Study: Excessive TV Viewing as a Toddler Can Lead to Bullying Later

Find out why watching too much TV creates future victims of bullying


When toddlers spend more than two hours in front of the television a day, they are more likely to be bullied later in life, according to a recent study. The reason is simple. Television viewing prohibits them from developing crucial social skills that allow them to engage in healthy ways with other children.

In fact, a University of Montreal study found that the number of hours spent watching television at the age of 29 months was linked to the likelihood that they would be bullied when they reached ages 11 and 12.

Additionally, for every 54 minutes the toddler spent glued to the screen, his risk of being bullied later in life increased by over a tenth.

Researchers believe this connection is due to the fact that watching a lot of television makes children more shy, less able to develop healthy friendships and unable to make eye contact with peers. It also robs kids of valuable play time, which is essential to social development.

What’s more, more time spent watching television leaves less time for family interaction, which is the primary way kids are socialized. And the lack of social skills and inability to make eye contact are two factors that increase the risk of being bullied.

How Much Television Is Recommended?

The American Academy of Pediatrics (AAP) recommends that children ages two and older should watch television for no more than one to two hours per day. And when they do watch television, it should be high-quality content that is developmentally appropriate.

In general, children should spend half of the 24 hours in a day meeting basic needs such as eating and sleeping. The remaining hours should be spent on building relationships with family and friends and other enriching activities.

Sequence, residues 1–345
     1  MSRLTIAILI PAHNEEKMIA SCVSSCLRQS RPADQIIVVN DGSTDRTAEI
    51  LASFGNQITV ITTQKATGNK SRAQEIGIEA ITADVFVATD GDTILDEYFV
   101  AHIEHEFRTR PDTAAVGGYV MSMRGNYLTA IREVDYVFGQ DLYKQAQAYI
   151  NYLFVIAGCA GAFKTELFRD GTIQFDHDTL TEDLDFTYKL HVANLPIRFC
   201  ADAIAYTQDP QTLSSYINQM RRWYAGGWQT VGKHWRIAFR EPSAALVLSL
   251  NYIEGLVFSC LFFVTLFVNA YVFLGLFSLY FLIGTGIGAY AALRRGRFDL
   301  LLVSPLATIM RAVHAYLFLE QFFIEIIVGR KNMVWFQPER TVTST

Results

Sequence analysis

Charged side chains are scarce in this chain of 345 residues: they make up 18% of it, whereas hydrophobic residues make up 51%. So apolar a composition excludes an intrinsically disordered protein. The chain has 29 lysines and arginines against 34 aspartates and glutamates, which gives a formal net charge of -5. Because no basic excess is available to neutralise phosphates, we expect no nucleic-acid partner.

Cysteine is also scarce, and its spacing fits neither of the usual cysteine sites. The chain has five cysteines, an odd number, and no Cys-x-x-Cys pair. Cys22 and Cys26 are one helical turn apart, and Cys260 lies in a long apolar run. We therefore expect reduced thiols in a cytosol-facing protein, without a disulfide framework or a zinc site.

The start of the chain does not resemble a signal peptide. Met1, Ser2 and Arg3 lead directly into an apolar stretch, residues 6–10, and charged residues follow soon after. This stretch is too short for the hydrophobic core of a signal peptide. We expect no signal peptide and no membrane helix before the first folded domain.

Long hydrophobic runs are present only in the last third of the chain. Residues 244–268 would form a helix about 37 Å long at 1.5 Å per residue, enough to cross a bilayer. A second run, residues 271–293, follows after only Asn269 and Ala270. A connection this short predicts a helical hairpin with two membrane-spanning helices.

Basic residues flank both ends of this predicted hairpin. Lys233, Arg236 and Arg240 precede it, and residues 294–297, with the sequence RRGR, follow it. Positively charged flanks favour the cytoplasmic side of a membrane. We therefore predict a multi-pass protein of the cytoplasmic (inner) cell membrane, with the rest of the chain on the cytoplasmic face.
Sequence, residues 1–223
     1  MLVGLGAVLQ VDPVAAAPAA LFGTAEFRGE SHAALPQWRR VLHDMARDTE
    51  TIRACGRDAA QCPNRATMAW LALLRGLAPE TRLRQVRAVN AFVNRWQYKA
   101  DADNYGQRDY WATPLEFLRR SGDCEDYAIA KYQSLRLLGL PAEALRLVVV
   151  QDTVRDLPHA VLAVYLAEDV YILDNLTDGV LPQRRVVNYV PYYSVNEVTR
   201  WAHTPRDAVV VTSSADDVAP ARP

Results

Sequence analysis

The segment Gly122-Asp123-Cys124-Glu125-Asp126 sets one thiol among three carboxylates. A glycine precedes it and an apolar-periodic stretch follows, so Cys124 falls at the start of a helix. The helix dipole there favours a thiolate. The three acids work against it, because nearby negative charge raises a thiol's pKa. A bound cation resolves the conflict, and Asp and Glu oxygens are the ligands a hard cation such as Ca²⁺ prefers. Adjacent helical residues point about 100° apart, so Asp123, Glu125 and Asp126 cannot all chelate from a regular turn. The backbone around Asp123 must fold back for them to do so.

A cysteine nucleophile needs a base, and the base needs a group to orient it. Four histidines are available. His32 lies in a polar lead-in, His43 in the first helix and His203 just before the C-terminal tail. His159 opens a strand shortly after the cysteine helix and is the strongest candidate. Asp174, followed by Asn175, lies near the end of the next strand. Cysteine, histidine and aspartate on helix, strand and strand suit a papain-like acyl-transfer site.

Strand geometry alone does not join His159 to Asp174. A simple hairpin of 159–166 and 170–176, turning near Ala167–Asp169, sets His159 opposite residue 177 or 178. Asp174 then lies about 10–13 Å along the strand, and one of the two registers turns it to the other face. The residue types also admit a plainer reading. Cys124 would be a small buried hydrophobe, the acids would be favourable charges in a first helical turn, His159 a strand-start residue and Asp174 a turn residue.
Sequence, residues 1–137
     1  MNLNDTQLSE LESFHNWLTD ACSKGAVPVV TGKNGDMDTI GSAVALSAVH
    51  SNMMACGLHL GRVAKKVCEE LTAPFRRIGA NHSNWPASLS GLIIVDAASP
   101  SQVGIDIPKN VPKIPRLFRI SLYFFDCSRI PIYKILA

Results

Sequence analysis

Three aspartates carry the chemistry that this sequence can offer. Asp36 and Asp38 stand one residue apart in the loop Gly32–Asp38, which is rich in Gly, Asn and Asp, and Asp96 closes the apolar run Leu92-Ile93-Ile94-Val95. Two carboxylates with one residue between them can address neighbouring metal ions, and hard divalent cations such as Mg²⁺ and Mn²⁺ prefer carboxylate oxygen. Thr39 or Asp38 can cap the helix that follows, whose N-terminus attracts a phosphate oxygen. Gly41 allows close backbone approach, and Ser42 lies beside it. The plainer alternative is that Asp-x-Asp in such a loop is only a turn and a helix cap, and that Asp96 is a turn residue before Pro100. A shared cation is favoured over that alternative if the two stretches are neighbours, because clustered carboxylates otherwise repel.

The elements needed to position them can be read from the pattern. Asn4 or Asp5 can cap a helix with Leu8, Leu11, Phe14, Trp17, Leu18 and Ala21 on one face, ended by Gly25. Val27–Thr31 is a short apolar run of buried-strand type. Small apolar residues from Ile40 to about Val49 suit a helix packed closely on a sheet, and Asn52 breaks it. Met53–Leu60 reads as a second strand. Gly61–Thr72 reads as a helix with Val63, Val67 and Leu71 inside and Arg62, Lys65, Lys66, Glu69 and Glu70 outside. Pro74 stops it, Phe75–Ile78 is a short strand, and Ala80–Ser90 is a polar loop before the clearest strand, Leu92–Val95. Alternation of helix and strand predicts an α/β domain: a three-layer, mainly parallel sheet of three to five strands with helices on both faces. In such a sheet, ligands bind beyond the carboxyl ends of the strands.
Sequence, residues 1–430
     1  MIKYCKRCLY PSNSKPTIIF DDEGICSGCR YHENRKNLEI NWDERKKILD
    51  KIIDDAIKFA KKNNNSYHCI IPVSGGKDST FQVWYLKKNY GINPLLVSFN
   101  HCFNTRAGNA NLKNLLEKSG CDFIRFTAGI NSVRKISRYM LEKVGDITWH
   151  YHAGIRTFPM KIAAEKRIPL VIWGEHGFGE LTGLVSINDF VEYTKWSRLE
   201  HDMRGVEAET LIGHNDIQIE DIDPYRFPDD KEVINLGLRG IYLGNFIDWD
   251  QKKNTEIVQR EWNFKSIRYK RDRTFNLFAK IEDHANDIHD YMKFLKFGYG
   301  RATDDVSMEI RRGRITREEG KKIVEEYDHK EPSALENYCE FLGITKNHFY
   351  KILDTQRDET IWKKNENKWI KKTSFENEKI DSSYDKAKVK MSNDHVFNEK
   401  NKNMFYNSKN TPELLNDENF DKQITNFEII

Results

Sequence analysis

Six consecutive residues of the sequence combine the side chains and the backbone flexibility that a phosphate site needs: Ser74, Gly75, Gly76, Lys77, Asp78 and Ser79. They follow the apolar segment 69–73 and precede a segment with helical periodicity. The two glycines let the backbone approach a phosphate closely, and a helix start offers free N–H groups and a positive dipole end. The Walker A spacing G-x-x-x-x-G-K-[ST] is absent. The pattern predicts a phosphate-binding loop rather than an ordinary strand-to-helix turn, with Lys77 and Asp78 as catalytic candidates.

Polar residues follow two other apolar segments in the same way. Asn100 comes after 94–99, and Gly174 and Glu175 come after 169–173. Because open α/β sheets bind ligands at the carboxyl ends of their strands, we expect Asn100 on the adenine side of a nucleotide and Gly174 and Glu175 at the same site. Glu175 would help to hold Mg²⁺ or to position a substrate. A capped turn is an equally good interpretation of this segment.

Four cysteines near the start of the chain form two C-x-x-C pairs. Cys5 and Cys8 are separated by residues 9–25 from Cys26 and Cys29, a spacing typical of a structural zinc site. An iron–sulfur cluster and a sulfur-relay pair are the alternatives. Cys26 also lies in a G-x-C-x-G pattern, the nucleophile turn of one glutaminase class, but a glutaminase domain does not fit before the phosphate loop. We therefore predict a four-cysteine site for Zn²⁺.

However, the AAP also reports that children in the United States spend an average of seven hours a day using media such as televisions, computers and other electronic devices.

Excessive media use can lead to host of issues including attention problems, weight issues and academic struggles. Early television exposure also is linked to developmental deficits including issues with interpersonal problem solving, emotion regulation and positive social contact.

A Closer Look at the Study

The study's findings, which were published in the Journal of Developmental and Behavior Pediatrics, were based on an analysis of 991 girls and 1006 boys growing up in Canada. The kids’ television viewing habits were reported by their parents while the bullying experiences were self-reported by the kids.

They were asked typical questions about bullying including how often people took their belongings and how often they were verbally bullied or physically bullied. The results also took into account other factors such as the likelihood kids would be bullied based on their behavior, cognitive abilities and family characteristics.

Because bullying consequences can last into adulthood, it is important that parents take steps at an early age to safeguard their kids from bullying.

One way to do that is to limit television viewing time in the early years of life. Other options include building a healthy self-esteem at an early age, encouraging empathy, fostering assertiveness skills and addressing feelings management.   

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